One night, I lay on the couch reading – just as I’d done many other nights.
Wolf was curled in the chair opposite me, just as she usually was.
Then the thought popped in my head to kill her. I saw it clearly: I’d rip her head off.
The thought was beyond reprehensible, beyond unconscionable, beyond anything I’d known before, and it terrified me to think that I could be capable of thinking it.
I sat up, told myself there was no way I was going to do that, but the violence and aberration of the thought remained, washed over me in a way that I couldn’t clean myself from it. I was too scared to look at Wolf, fearful seeing her would trigger me. This was like all those times years ago when I’d had violent thoughts, but magnified until it felt a breath from reality.
Again and again, the thought struck.
I switched off the TV, packed up for the night. Wolf was used to my nightly routines. She got off her chair, stretched, then ran to the kitchen door – a sliding door she couldn’t open with her paw.
She looked back at me. Let me out.
I forced myself to look at her.
She continued to look at me, all innocence and doggy adoration. I threw my arms around her neck and hugged her.
See, I told – if not challenged – myself, I’m not going to hurt her.
But the thought remained, like a certainty that was as everyday as getting up in the morning.
Letting Wolf out, I locked the back door, and went to bed but still couldn’t get the compulsion out of my head. I shook myself, tossed, turned, but there was no escaping the inside of my head, the images that struck me, rocked me, cut through me until I was left with nothing but uncertainty.
I told myself over and over that I’d proven I wouldn’t hurt Wolf – I’d hugged her, looked at her, challenged myself. And I hadn’t done a thing. That simple. I hadn’t. And wouldn’t. I built my case, attacked myself with my rationale, thought my way through it, and it did nothing but amplify the compulsion, until it was resonating in my head, like the chime of some hideous bell that continues to echo.
This was useless. I got out of bed, opened my drawer and pulled out my Xanax. Despite what was going on, I was reluctant to take any, but resigned myself to one half of a tablet – not because of any reluctance to take medicine (as might’ve usually been the case), but the fear that I had nowhere to go if a full Xanax did nothing. I’d take the half, keep the other half in reserve.
I dry-swallowed the Xanax, and gradually, slowly, my mind quieted and I fell into a restless sleep.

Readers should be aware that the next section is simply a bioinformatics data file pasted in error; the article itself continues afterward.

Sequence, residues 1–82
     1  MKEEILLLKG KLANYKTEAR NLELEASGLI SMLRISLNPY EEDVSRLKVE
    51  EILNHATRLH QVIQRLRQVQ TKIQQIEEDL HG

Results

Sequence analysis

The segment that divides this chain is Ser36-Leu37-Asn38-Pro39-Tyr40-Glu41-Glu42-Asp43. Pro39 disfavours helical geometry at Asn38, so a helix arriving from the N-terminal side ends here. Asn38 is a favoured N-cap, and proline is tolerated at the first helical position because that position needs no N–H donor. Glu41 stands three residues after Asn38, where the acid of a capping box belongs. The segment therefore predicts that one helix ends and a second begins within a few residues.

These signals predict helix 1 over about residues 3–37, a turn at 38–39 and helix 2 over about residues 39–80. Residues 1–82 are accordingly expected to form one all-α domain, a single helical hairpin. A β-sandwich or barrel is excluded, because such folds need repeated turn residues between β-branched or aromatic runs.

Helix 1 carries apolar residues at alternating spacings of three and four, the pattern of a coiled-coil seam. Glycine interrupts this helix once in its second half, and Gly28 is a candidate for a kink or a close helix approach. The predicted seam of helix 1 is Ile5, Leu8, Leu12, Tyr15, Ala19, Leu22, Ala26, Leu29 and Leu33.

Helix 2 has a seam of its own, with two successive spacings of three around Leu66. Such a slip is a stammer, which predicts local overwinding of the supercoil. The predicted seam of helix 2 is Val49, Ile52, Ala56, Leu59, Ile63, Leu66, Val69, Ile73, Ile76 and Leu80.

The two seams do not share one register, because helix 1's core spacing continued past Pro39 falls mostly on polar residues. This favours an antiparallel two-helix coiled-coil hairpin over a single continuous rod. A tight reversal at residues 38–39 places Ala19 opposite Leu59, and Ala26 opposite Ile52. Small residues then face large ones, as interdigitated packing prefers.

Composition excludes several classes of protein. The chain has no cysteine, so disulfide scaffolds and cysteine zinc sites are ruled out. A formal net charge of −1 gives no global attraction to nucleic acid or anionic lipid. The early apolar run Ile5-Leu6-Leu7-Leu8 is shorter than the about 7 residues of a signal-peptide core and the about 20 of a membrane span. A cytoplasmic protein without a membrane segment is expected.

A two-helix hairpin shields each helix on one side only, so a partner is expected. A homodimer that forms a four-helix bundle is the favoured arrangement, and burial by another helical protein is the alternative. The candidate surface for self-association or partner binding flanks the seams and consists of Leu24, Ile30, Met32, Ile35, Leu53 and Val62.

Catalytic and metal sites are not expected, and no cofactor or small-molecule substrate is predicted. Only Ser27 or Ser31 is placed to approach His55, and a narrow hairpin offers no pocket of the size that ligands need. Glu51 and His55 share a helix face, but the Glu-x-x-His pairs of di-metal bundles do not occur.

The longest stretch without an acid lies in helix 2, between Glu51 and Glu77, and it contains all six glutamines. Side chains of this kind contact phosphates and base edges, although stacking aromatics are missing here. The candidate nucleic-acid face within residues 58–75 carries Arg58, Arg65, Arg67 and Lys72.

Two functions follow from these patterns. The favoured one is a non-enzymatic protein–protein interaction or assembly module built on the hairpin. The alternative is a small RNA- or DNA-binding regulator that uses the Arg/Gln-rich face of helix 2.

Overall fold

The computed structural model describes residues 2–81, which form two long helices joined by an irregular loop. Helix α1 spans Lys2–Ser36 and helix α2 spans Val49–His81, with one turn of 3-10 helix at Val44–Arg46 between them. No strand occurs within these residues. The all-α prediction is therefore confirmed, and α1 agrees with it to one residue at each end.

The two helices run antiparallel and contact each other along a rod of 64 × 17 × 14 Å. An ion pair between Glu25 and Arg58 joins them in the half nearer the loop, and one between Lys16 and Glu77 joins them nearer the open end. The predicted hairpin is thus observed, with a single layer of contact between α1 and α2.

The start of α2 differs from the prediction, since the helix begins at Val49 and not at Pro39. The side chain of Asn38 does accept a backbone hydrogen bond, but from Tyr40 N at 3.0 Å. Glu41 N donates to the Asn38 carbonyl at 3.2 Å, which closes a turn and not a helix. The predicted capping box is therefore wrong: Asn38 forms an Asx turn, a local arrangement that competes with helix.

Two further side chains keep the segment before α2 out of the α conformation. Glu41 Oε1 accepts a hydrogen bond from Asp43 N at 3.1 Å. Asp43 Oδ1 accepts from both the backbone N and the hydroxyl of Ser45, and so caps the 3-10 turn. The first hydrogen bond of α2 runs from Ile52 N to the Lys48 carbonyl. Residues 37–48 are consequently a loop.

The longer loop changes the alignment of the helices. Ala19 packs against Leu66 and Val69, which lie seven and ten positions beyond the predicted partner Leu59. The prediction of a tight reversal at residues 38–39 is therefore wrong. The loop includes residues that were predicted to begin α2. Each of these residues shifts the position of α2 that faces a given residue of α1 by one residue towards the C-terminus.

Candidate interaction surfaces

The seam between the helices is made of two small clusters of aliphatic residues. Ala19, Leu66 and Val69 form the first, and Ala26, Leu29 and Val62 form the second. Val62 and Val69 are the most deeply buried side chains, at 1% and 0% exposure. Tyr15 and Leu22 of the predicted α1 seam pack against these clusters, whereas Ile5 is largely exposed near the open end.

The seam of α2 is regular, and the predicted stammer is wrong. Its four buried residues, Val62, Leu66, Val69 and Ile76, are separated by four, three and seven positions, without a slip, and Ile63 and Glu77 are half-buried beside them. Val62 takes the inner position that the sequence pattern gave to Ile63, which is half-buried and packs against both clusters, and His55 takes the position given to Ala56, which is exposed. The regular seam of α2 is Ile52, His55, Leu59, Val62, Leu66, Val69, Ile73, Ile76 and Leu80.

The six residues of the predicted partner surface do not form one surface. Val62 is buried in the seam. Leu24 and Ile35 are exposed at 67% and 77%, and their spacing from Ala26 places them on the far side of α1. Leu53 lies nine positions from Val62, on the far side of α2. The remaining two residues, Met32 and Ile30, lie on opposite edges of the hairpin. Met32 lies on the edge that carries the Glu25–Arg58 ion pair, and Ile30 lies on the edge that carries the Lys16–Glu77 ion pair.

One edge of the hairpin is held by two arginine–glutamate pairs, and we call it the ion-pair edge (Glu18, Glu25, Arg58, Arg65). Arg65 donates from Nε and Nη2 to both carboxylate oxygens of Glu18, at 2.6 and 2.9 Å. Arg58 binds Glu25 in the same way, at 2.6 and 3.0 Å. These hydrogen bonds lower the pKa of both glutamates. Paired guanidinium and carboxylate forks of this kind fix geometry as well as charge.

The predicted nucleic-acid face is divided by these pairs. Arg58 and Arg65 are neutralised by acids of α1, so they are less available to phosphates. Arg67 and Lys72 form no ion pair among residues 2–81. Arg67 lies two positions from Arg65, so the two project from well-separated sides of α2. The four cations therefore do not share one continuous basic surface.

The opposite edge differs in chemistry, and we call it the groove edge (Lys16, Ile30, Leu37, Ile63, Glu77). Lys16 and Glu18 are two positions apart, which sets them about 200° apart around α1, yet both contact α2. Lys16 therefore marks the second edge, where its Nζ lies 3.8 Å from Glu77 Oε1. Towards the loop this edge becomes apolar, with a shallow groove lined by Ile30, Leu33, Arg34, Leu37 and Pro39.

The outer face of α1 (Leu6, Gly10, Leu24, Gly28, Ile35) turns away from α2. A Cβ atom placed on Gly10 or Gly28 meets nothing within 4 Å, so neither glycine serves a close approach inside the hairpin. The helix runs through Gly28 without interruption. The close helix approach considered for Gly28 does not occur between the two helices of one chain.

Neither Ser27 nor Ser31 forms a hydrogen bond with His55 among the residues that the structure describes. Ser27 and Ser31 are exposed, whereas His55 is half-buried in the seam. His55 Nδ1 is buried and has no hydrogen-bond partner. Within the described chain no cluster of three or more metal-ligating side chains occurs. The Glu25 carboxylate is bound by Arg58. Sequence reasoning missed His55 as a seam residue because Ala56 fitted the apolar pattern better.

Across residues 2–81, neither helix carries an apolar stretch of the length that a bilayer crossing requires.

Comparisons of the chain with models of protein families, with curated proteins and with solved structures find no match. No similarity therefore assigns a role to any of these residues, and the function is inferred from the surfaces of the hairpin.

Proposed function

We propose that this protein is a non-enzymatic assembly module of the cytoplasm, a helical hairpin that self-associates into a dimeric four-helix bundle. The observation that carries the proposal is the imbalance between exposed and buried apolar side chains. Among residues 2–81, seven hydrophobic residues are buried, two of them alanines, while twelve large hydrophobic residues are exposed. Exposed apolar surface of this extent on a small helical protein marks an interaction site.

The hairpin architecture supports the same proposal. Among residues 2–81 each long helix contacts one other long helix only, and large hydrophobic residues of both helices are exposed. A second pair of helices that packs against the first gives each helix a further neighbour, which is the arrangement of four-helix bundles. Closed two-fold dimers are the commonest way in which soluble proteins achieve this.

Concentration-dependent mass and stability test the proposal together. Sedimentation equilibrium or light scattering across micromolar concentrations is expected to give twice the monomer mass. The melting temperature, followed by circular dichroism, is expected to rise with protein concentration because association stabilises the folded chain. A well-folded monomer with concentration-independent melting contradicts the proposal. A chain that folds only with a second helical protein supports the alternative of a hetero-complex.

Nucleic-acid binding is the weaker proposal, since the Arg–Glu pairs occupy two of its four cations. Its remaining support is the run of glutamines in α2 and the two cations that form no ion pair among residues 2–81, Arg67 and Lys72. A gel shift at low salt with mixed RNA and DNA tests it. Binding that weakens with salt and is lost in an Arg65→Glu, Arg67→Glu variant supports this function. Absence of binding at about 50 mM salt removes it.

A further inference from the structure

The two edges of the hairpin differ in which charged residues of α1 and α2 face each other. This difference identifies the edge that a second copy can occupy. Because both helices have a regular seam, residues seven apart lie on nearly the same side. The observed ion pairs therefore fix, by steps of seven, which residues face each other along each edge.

The next day I saw Dr Warren to tell him what had happened. He said it sounded like Obsessive Compulsive Disorder, which was the first time I’d heard the diagnosis applied to what was going on inside my head. I’d always thought OCD was compulsive behaviours – and I had a few of those, like counting Xanaxes. Other times, I’d repeatedly – two or three times – check that I’d shut off the lights of my car, or the heater in my back room. My solution to these problems was a verbal affirmation which I could remember I’d said if the compulsion re-arose.
I asked Dr Warren why there were never any helpful compulsions. He told me that in some people, they were constructive, and used the analogy of a surgeon who had to cut to perfection in surgery. He went on to say I’d handled the episode correctly by talking myself through it and taking an extra half of Xanax, but those treatments weren’t cures, and he didn’t know how futile those treatments had seemed.
Something was going on in my head, something that was unravelling unlike the other times it had unravelled. I was okay with Wolf, but harboured the self-loathing and fear about how I’d thought about her. I don’t know if that was the trigger, but the anxiousness as a general state of mind escalated. It wasn’t long before the panic resurged like all the other times, and Xanax became helpless against it. Whenever I got in the car, I was immediately short of breath. I rushed through everything. Panic attacks battered me again and again and my head felt pulped.
Around this time, I had a public hospital appointment for a check-up on my knee, which sometimes locked and meant the cartilage was frayed or something – probably wear and tear from my indoor cricket years. The appointment had taken a year to get. If I skipped it or tried to reschedule, I’d have to wait forever to get another.
But as I sat in the hospital waiting room, panic attacks wracked me. Every now and again there was a lull, where I’d think I was back in control. Then it would punch through and I wanted to rush home. Just as I was about to surrender, I was called in to my appointment and the doctor examined me. He agreed I needed an arthroscope, although that meant getting back on the waiting list. That didn’t bother me, though.
When I next saw Dr Jarasinghe he recommended going onto antidepressants, but I refused. Antidepressants, again? I’d been on antidepressants from 1989–91 and from 1995–1999 – that was eight of the last ten years. I’d just weaned myself off them. Going back on them felt like an admission of failure. It was like my brain, like me, couldn’t function without them. I hated that. I wanted to be like everybody else.
Dr Jarasinghe agreed to try another short-term medication called Mellaril, but they did nothing. Later, I found out Mellaril was just another name for the Thioridazine, the same drug Dr Victor has prescribed me over ten years earlier. It was generally used (for panic attacks and such) when conventional medicines failed. But now, like then, the anxiety and all its symptoms marched right on through and grew worse and worse, until each day became an unending torment, and I had no choice but to surrender.
Back onto the antidepressants it was.